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Wood Turtle

Glyptemys insculpta


The wood turtle (Glyptemys insculpta) is a turtle endemic to North America. It is in the genus Glyptemys, a designation given to only one other turtle: the bog turtle. The wood turtle reaches a carapace length of 14 to 20 centimeters (5.5 to 7.9 in), its defining characteristic being the pyramidal pattern on its upper shell. Morphologically, it is similar to the bog turtle, spotted turtle, and Blanding's Turtle. The wood turtle exists in a broad range extending from Nova Scotia in the north (and east) to Minnesota in the west and Virginia in the south. In the past, it was forced south by encroaching glaciers: skeletal remains have been found as far south as Georgia. The wood turtle is omnivorous and is capable of eating on land or in water. On an average day, a wood turtle will move 108 meters (354 ft), a decidedly long distance. Many other animals that live in its habitat pose a threat to it. Raccoons are over-abundant in many places and are a direct threat to all life stages of this species. Inadvertently, humans cause a large number of deaths through habitat destruction, road traffic, farming accidents, and illegal collection. When unharmed, it can live for up to 40 years in the wild and 58 years in captivity.


It spends a great deal of time in or near the water, preferring shallow, clear streams with compacted and sandy bottoms. The wood turtle can also be found in forests and grasslands, but will rarely be seen more than several hundred meters from flowing water. It is diurnal and is not overtly territorial. It spends the winter in hibernation and the hottest parts of the summer in estivation.


Took these photos on a Wood Turtle monitoring project. The exact Lat and Long are not correct to protect the population of turtles.

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ulvalactuca77 7 years ago

Thank you Maria. :)

Maria dB
Maria dB 7 years ago

Nice series!

harsuame 8 years ago

Fant√°stica !!

ulvalactuca77 8 years ago

Wow! That's pretty awesome. They have radio tagged some of these guys and found them really really far from their home streams so they are quite mobile.

OrbemEzatTnod 8 years ago

Yes - years ago I bought a baby wood turtle from and raised him in a small garden pond on the side of my house and three years later moved him to a larger natural pond in the back of the house for the winter where he hibernated. In spring I couldn't find him in the big pond and he couldn't get to the old pond because it had a barrier on the side his new pond was on so he couldn't even see it as he was 15fee lower in elevation. The only way for him to get back to his old pond was to walk 100 feet east. 70 feet south (around my house) and then 100 feet west (to the other side of the house) where there are steps leading down to the pond where he grew up. Later in the spring I found him in front of those steps heading for his old pond. There is no way he would have known to take that route - it appears he just figured it out. They grow fast too, for turtles.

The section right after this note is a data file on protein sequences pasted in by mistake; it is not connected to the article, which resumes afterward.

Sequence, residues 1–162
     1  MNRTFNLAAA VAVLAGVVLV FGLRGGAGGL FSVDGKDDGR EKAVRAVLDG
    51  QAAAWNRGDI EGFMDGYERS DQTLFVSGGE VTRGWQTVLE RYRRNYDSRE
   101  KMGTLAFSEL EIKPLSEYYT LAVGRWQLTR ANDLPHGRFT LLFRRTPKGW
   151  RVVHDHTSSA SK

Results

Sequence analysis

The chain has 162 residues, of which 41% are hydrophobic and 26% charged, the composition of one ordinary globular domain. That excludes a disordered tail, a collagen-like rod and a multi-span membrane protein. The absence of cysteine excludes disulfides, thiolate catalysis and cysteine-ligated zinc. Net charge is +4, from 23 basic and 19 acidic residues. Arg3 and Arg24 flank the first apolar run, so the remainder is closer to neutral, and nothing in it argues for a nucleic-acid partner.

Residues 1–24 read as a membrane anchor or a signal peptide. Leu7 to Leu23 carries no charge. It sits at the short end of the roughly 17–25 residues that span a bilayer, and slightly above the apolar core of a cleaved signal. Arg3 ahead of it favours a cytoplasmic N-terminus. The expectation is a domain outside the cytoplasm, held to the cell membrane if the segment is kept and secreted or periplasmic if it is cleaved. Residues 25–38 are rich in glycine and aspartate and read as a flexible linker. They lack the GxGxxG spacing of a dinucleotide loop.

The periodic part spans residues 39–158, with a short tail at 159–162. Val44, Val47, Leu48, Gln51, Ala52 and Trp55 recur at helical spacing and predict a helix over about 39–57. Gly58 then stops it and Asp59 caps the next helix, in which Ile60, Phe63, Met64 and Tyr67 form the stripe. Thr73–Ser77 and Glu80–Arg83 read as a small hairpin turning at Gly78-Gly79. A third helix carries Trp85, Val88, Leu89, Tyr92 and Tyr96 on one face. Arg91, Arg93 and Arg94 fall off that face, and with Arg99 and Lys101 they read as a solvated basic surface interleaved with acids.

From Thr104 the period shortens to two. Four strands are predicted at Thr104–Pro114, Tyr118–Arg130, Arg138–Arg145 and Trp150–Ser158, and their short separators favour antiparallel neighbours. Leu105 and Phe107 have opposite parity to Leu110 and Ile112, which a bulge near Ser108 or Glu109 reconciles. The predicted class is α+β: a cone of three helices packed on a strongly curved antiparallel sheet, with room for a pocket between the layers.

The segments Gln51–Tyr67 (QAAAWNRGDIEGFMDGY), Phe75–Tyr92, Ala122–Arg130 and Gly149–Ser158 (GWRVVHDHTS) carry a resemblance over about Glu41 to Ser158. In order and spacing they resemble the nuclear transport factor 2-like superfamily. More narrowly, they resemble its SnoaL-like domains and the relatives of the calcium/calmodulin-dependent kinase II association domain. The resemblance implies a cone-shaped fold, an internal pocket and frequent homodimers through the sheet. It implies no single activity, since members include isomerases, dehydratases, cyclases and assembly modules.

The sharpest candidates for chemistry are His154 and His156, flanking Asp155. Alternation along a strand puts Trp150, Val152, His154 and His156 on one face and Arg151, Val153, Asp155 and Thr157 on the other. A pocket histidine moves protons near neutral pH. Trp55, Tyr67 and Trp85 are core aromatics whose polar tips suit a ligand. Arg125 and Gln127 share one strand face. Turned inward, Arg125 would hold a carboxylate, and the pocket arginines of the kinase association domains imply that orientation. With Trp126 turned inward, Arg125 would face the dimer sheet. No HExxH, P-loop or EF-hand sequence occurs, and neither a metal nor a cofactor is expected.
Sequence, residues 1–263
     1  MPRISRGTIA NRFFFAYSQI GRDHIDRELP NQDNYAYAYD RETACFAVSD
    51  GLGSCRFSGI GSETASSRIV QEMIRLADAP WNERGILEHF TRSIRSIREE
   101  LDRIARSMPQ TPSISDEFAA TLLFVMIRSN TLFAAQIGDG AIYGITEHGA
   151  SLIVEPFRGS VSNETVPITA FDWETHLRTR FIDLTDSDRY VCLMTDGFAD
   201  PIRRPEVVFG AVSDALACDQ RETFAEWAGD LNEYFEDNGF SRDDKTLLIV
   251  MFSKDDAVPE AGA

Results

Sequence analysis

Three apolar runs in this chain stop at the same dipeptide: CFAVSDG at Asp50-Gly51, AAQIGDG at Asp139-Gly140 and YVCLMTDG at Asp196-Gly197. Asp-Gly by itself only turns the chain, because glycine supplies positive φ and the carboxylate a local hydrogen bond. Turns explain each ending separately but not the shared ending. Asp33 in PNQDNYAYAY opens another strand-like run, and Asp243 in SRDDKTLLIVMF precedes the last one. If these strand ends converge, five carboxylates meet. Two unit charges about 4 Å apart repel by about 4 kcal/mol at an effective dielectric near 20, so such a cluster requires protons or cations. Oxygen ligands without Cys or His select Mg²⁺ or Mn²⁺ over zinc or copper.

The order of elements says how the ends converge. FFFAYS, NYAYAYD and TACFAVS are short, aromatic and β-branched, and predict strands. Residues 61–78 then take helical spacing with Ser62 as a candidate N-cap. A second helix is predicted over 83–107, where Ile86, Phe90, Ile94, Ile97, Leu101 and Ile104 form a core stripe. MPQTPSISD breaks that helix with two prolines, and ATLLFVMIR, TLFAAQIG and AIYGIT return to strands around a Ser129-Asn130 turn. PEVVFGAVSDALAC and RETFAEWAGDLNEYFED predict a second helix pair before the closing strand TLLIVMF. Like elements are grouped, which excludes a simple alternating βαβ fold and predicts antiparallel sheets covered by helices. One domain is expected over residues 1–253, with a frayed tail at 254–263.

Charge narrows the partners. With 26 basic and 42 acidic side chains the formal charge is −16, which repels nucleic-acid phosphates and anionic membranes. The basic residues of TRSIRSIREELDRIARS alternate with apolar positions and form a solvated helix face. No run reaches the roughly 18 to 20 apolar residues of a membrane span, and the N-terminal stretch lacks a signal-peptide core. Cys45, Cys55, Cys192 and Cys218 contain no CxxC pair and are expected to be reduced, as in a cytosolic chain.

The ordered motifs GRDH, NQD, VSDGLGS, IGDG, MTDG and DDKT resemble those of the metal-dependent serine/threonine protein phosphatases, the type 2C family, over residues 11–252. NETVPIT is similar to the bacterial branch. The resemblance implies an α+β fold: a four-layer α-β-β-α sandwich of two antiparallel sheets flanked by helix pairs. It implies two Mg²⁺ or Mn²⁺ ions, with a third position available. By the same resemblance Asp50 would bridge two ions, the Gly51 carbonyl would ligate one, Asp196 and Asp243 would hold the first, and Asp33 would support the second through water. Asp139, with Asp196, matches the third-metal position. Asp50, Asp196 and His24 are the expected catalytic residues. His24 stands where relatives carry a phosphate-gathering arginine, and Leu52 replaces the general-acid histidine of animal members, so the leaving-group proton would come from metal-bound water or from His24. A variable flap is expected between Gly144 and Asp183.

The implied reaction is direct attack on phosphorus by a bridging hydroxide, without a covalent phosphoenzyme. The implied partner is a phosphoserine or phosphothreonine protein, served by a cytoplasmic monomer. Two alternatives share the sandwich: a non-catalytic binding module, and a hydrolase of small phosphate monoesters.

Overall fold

ulvalactuca77 8 years ago

I did not know that Orbem, thanks for the info! They really are a neat animal. I am fortunate to have been invited on the monitoring project.

OrbemEzatTnod 8 years ago

Nice pics! You didn't mention that N.A. Wood Turtles could be the smartest turtles of all?

ulvalactuca77 8 years ago

This is actually a conglomeration of 5 wood turtle spottings over the course of the day. I didn't think I should create 5 spottings so I posted 1 pic of each turtle.

ulvalactuca77 8 years ago

Thanks Atul and Shanna!

ShannaB 8 years ago

Wow, photo 3 is my favourite. It shows off his red colouring beautifully. : )

Atul 8 years ago

lovely series

Spotted by

New Jersey, USA

Spotted on Mar 19, 2012
Submitted on Mar 19, 2012

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